The happily ever after is suspended for a much more grown-up take on hope.  And what I really dig is that neither Merida nor her mother come out of this unchanged.

In the end, they learn from each other.  The child teaches her mother the value of breaking tradition, and the daughter learns the value of the legends that have gone before.  The solution – surprise, surprise – benefits the entire kingdom somewhere along the lines of ‘make love, not war’.

In a world of uncertainty, where tradition seems somehow to fail us, it gives us hope.

As Merida says:

“Legends teach us things.  But we are young.  Our stories haven’t yet been told…”

There are lots of political lessons to be taken away from this, too, if you want to go there.  For example, the fact that the lead character is a red head caught in a political crossfire (anyone seen our PM lately?) is not lost on me.  But that’s a whole other sad story.

They might be the rarest of them all, but I think it’s fair to say, in this instance, the reds have it.

Have you seen the movie?  What are your thoughts?  Is it just another kids’ story, or are there worthy lessons to be learned?

Adults are Supposed to be Brave

If you’re lucky enough to be one of the significant adults in a child’s life, you’ve probably already discovered that your role is not exactly what you think it is.

A few months ago, I spent a day on the beach with my sister’s three kids – my Neephs.

After some time, my nephew had finally spotted a crab, and was busy explaining how I should pick it up.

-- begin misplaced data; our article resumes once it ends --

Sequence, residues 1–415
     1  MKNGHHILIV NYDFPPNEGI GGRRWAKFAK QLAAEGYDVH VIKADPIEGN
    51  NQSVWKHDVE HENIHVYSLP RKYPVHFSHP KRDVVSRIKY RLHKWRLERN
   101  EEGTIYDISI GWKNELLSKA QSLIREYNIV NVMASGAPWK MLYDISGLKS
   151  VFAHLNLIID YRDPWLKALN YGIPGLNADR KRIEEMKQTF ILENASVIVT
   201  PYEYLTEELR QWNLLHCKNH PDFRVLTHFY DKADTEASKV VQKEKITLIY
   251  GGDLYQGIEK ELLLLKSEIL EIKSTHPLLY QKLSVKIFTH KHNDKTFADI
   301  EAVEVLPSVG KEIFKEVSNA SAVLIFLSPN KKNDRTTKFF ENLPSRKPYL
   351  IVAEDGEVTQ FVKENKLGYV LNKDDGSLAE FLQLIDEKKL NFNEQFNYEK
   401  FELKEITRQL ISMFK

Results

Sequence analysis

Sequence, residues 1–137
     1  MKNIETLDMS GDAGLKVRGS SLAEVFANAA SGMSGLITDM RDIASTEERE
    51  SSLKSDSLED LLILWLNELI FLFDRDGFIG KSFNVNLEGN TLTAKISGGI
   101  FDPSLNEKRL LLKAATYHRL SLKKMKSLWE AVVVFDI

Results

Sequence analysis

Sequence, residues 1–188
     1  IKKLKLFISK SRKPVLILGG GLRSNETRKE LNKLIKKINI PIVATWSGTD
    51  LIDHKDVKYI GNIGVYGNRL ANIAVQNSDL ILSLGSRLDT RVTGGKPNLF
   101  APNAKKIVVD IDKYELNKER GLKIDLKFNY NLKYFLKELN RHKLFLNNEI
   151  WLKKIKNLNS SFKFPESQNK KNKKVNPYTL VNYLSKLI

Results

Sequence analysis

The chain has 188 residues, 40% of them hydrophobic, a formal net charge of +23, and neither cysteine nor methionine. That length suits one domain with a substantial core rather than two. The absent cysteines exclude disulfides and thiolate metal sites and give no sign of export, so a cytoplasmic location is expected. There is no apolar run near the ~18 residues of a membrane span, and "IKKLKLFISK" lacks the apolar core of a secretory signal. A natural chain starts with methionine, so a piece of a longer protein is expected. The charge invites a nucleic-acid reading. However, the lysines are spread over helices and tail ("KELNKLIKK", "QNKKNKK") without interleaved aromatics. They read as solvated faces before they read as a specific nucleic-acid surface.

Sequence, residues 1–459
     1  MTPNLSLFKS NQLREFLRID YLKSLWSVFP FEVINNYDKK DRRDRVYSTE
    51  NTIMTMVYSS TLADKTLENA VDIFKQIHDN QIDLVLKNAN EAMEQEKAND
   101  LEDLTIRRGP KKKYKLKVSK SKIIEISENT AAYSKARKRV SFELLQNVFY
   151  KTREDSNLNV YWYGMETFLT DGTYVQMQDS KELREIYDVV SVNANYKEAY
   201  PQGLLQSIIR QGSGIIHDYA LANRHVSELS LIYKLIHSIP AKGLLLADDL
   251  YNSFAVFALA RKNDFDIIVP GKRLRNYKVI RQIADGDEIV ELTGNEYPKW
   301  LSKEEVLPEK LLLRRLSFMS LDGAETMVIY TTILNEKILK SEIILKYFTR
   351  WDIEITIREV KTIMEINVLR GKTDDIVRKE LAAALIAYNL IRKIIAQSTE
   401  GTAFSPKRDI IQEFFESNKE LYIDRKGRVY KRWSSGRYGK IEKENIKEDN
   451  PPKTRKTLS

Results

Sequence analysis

“Why don’t you pick it up?” I enquire, hoping to be off the hook.

“’Cause I’m scared to,” says the little D.

“Well, then, so am I,” I say.

“But Aunty Nana, adults are supposed to be brave!”

It was a priceless opportunity, I thought, to give him a lesson in how adults aren’t always brave.

But we were there with his father, that day, and it wasn’t long before he was plucking some poor creature from the shallows and little D was giving me that look.

Great, I think, now I’ve just given him a lesson in how girls aren’t always brave!

Until that moment, it never occurred to me that our relationship was in the least bit gendered.  We were just people, fellow introverts, sharing a common fear of humans and other things that bite.

Clearly, I wasn’t the best person to be teaching him lessons about bravery :)

But it did lead me to question how we teach kids things.

The lesson, in fact, probably had nothing at all to do with bravery, and more to do with respecting natural boundaries.  A lesson in ‘live and let live’.  In co-existing with other creatures.

It would have been a simple lesson for a boy whose first response to others’ touch is often “Go away!”